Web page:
"The leading principle of modern socialism "(ie. the coming form of economic relations) is that "a human being, man or woman, unless physically or mentally disabled --- has no moral right to be a member of the community --- unless he or she is laboring in some form for the community." The main object of Socialism is to secure to each individual a free field for his labor, and the supply of his needs in return for his work. This is the economic independence which is essential to the moral dignity of each man and woman in a free society. But our present form of sexual relationship is an effectual bar to the attainment of this economic independence by women.

At present the work of the majority of women, i,e., those who are married, and are not actively engaged in productive labor, may be divided into two classes.

Firstly, the difficult and onerous task of rearing children. A task often fulfilled with a reckless or despairing ignorance, which is fatal to the mother's health and happiness, and is actively injurious to the community.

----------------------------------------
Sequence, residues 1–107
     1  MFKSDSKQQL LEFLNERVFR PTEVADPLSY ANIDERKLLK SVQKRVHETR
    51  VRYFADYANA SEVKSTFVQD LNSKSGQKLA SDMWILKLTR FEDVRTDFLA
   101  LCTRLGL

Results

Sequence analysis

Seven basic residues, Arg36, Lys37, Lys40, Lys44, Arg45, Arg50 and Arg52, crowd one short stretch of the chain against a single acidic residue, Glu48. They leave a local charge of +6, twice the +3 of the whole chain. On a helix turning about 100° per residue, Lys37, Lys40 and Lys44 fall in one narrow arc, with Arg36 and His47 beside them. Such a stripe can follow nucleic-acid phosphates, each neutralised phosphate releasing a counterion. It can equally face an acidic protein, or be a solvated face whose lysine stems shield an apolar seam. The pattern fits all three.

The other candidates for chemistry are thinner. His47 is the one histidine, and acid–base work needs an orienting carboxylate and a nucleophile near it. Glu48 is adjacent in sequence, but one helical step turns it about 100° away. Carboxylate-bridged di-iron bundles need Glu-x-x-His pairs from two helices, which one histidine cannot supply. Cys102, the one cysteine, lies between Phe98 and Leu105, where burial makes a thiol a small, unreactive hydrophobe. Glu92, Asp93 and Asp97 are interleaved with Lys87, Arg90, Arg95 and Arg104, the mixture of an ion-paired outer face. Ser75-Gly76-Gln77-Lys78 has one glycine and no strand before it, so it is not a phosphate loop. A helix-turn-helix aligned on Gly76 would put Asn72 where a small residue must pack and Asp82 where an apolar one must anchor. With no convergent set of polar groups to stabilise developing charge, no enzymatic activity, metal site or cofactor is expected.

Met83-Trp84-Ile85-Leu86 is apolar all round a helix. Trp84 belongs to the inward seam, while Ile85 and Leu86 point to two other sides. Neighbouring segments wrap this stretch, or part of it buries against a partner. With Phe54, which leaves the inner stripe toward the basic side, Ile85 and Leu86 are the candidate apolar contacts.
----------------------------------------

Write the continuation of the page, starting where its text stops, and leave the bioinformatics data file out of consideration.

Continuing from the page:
Secondly, home duties, i.e., cleaning and moving from one place to another a variety of objects, mostly superfluous for human well-being, and which might be thrown out of the window with more advantage to the real dignity of life than the famous stone that Thoreau decided unworthy of the expenditure of energy required to dust it. Very often a large slice of such a woman's time is wasted over some muddling cooking, which with a little organization might be accomplished (what is necessary of it) with infinitely less labor. A handful of intelligent persons, with adequate appliances, might easily perform the labor of food preparation for a whole community; whereas, we have now, at least one woman in every household spending half her day on it, generally with lamentably inadequate results.

Among the rich, the activity of women is mostly expended in misdirecting the labor of others.

A great deal of the second class of work is essentially degrading. It is unnecessary, and it is inartistic. It creates nothing, it produces nothing of real beauty and utility, and therefore it fails to satisfy the strongest and most human instincts of the worker.